Leon Panetta, 73, will become the 23rd U.S. secretary of defense, replacing the retiring Robert Gates on July 1.
Decade of war
The United States has been a nation at war for nearly a decade and the all-volunteer force has been stretched by years of combat. More than 1,500 U.S. troops have been killed in Afghanistan and the war has become increasingly unpopular with the American public.
While a third of the U.S. soldiers in Afghanistan are to be withdrawn by the middle of next year, the new secretary of defense, Leon Panetta, says there is still significant work to be done.
“My first task at DOD [Department of Defense] will be to ensure that we prevail in the conflicts that we are engaged in," Panetta said. "In Afghanistan, we must continue to degrade the Taliban.”
Travis Sharp, a military analyst at the Center for a New American Security, says the withdrawal from Afghanistan will be a significant issue facing Panetta.
“And we want to do that quite carefully," cautioned Sharp, "because if the drawdown is not done properly we could sacrifice some of the security gains that we have made in Afghanistan over the last year, thanks in large part to the troops that were added by President Obama.”
Bin Laden raid
Panetta comes to the Pentagon after serving as chief of the CIA, where he supervised the raid that killed al-Qaida leader Osama bin Laden in Pakistan. Panetta has also been a strong supporter of increased drone attacks on al-Qaida and Taliban insurgents based along Pakistan’s border with Afghanistan.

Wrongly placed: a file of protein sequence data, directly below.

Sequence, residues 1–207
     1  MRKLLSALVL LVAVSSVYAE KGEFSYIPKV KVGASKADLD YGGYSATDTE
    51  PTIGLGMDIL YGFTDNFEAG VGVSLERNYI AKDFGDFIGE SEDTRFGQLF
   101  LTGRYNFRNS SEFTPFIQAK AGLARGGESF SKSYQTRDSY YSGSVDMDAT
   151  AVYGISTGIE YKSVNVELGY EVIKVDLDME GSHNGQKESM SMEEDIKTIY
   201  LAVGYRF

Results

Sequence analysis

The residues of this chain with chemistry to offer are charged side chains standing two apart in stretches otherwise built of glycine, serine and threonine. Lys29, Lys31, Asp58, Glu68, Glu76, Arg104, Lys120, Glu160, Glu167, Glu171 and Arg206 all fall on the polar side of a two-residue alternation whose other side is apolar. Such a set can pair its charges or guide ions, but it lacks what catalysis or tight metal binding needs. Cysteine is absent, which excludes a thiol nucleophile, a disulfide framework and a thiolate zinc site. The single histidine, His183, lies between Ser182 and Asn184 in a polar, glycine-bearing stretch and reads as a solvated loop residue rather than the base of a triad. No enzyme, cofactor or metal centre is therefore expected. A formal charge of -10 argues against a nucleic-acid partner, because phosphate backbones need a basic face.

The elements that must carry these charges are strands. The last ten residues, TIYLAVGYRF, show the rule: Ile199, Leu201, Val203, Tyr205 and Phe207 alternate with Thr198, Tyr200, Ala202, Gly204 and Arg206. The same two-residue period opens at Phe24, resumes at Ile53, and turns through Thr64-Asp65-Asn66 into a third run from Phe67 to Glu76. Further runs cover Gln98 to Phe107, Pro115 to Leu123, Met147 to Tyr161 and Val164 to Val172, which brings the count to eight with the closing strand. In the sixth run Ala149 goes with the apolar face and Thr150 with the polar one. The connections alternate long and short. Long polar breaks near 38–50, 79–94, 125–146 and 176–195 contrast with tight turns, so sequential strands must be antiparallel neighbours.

“We are engaged in the most aggressive operations in the history of the CIA in that part of the world and the result is that we are disrupting their leadership,” Panetta said.
Those drone attacks are very unpopular in Pakistan and managing the relationship with Islamabad is another major test for the new defense secretary.
Analyst Travis Sharp says Panetta will serve as a middleman between the United States and Pakistan.
“It will be a difficult balancing act and I think that there will be many bumps along the way," noted Sharp. "But Panetta’s objective at the outset will be to try to maintain some semblance of a relationship between the United States and Pakistan because quite honestly the countries do need one another if they are going to cooperate and solve the terrorism problem.”
Panetta is a former Democratic Party congressman with extensive budget experience. He was chairman of the House Budget Committee and headed the White House budget office under President Bill Clinton.
American Enterprise Institute senior strategic analyst Gary Schmitt says Panetta’s biggest challenge will be to manage cutbacks in the Pentagon’s huge budget.
“If the administration has its way and there are hundreds of billions of dollars more in cuts, this is going to require significant downsizing of the U.S. military and force structure,” said Schmitt.
President Obama has ordered $400 billion in national security budget cuts during the next 12 years. This will be a major shift after years of larger Pentagon budgets following the September 11, 2001 terrorist attacks on the United States.
Panetta is well aware the days of nearly unlimited defense budgets are over.
“Our challenge will be to design budgets that eliminate wasteful and duplicative spending while protecting those core elements that we absolutely need for our nation’s defense,” he said.
The United States continues to face a large budget deficit and the U.S. military is spending $10 billion a month on the war in Afghanistan.
Analysts like Gary Schmitt say withdrawing troops from two conflicts does cut expenses.
“When you are sitting in the White House and you want to cut the deficit, getting troops out of Iraq and getting troops out of Afghanistan as quickly as you can does make a difference,” Schmitt said.
Panetta is the son of Italian immigrants and he served as a lieutenant in the Army in the 1960s. He and his wife Sylvia own a family farm in Carmel Valley, California.